Dick Martin, the loopier half of the team (Ray Richmond in The Hollywood Reporter described him as an "adorable dork"), always looked like he didn't have a care in the world. He was adept at playing dumb, with well-tanned Dan Rowan serving as the laid-back, more sophisticated straight man of the team. They were almost peripheral to the zany sketch series, standing in front of joke walls and linking dozens of black out skits with Dick's little "I didn't know that?" or "Sock it to me" moments. "It was a well-structured, non-structured show," Martin was quoted once as saying. "I never thought of us as hosts. We were two guys walking through a mélange of madness."
While that was true the duo had great timing and chemistry and oodles of charm. They looked like they liked each other, they were fun to watch, and you can look that up in your Funk & Wagnalls.
Martin, who died Saturday at 86, went on to have a second career as a TV comedy director, working everything from The Bob Newhart Show to Family Ties.
His passing reminded me of a story I heard a few years ago from George Schlatter (left with Martin in 2003), the producer of Rowan & Martin's Laugh-In. Schlatter was prowling around Hollywood producer Bob Evans fabled retreat at a press tour party a few years ago when I thanked him for all the laughs back in the day. Schlatter, who has an aura of Orson Welles about him, talked about how NBC was always trying to revive the show, which went off the air in 1973. The young punks running the studios today wouldn't know a Laugh-In from a Show of Shows was the gist of his rant. He once took a meeting with a couple of NBC suits, who told him they would green light a revival of the show, but only if it was fronted again by both Rowan and Martin. Anything less would be a deal breaker, they told the producer. That's not going to be easy to arrange, said Schlatter, who informed the programmers that Rowan had passed away in 1987.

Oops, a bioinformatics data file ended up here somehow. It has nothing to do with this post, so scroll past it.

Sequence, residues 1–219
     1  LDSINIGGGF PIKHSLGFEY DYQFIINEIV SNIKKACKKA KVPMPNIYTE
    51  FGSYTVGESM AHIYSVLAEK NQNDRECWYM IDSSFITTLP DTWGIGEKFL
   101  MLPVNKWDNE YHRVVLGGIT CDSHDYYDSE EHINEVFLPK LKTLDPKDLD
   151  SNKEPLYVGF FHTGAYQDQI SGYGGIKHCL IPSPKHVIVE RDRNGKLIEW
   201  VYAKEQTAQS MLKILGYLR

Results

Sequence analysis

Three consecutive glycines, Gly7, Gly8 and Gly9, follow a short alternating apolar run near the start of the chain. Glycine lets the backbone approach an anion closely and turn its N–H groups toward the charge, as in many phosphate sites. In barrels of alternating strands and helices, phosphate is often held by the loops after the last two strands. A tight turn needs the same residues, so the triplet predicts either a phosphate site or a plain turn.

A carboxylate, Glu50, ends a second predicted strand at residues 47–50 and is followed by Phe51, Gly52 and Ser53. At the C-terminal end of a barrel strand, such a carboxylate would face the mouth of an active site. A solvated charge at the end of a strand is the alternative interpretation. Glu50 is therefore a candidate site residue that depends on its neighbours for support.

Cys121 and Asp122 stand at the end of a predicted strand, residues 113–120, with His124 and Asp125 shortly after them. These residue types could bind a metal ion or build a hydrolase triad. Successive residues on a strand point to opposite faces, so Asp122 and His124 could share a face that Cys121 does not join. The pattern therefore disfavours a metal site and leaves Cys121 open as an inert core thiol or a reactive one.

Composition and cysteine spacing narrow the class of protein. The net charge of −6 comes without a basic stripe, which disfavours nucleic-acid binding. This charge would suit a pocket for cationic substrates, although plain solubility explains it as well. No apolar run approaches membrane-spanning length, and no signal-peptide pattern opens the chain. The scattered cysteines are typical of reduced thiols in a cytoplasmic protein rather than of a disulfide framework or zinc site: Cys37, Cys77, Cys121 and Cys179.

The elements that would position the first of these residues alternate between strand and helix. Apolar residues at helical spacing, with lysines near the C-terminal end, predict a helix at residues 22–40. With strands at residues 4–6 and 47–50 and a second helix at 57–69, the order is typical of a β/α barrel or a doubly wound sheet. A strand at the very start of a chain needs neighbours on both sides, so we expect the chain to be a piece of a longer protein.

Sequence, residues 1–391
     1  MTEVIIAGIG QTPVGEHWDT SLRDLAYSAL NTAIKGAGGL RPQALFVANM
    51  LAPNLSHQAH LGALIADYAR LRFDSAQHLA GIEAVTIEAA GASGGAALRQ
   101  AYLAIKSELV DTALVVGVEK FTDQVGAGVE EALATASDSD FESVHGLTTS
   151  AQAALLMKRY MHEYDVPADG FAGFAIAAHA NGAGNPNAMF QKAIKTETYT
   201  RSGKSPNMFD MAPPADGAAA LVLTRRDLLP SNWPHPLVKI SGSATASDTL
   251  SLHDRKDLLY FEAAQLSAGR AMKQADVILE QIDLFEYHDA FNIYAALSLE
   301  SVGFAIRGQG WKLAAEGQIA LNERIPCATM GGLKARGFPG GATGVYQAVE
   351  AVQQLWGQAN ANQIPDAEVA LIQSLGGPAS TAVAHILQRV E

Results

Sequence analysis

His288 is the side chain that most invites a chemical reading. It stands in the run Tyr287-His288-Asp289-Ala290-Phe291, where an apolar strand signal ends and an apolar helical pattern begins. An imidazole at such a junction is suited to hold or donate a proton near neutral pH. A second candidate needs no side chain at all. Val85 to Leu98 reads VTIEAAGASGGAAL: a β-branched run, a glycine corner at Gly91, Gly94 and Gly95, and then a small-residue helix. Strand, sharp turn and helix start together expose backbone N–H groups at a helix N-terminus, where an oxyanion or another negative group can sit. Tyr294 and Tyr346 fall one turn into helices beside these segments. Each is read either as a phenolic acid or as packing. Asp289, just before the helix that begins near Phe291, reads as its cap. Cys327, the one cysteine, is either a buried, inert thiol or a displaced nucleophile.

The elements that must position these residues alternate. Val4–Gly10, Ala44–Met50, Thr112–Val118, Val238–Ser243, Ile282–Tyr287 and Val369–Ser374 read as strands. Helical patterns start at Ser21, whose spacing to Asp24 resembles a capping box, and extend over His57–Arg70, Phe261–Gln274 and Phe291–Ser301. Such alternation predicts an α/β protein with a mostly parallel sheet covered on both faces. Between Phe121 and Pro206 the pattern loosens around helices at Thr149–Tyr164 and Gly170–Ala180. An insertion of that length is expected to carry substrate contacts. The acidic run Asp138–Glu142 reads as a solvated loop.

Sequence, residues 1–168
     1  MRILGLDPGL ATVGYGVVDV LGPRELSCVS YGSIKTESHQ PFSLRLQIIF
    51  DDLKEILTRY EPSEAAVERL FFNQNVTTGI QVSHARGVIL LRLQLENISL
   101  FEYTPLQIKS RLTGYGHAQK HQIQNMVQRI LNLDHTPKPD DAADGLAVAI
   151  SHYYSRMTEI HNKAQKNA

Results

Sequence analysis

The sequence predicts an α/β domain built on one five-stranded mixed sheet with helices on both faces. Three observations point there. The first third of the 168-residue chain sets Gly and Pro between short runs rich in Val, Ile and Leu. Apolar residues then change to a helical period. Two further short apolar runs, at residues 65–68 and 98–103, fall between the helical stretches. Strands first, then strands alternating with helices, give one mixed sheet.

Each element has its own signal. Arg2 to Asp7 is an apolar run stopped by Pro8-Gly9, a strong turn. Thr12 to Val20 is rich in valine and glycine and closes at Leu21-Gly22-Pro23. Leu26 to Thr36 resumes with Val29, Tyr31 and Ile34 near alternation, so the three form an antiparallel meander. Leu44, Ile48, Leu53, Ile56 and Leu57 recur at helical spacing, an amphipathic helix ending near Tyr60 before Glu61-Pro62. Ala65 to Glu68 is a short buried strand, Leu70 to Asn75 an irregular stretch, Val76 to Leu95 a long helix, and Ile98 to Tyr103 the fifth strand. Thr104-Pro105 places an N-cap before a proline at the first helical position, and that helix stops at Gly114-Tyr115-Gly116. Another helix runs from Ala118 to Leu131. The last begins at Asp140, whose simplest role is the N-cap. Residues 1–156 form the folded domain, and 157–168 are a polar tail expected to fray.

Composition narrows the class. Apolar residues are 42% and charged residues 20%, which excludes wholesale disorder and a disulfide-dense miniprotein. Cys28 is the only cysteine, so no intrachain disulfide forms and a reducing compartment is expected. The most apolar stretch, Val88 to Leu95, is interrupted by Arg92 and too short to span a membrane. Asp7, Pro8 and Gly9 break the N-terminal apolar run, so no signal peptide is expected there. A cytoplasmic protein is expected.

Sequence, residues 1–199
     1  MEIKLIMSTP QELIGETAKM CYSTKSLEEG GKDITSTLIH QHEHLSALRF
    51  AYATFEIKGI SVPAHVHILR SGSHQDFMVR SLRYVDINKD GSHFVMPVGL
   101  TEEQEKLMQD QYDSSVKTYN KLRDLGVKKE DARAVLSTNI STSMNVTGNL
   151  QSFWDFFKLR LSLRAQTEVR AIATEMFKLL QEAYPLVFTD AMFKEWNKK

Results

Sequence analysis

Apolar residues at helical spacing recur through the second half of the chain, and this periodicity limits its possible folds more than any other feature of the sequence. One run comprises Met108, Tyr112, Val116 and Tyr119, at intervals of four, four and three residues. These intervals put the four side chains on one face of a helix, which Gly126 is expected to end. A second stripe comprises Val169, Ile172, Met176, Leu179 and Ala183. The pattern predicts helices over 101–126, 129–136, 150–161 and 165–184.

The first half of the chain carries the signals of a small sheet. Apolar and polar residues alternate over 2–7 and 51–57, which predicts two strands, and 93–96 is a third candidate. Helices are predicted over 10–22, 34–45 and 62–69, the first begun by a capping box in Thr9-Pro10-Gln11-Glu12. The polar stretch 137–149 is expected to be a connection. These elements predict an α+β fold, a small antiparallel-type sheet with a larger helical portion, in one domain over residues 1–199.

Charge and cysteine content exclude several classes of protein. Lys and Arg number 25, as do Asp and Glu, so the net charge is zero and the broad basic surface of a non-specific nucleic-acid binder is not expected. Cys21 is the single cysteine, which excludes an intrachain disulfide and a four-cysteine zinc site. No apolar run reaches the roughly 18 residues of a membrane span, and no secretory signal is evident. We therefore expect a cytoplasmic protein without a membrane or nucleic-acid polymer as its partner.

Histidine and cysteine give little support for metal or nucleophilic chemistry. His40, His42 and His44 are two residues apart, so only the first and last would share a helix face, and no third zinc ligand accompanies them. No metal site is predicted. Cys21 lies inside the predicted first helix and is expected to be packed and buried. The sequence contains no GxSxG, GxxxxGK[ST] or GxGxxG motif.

Now both comedians have passed away to the big bippy in the sky. Still, the way things are going at NBC, don't be surprised it they don't somehow wind up on some part of NBC's new 52-week schedule. The can't be any stiffer than the American Gladiators.
Here's a YouTube clip of Rowan & Martin in action:
Thursday, May 22, 2008
Wednesday, May 21, 2008
There's also a brief mention of tonight's big event, the finale of American Idol, the results of which can be found someplace else. Some guy named David won.
I was stumped on the radio when Thompson asked when Idol jumped the shark but I have the answer now: it was back in March when these bland wannabees booted all those Beatle songs. That was the last week I watched and apparently a lot of other viewers bailed then too. That wasn't how it was supposed to happen. After six previous Beatle-less seasons, the producers finally landed the rights to pop music's biggest catalogue. It should have driven the show to new heights. Instead, you can track the steep rating decline of Idol to the weeks following the Beatle bust.
More than any other moment, Idol's Beatle Week underlined the essential weakness of the singing competition: that it is a karaoke charade, a contest to see who can be the best pop poser.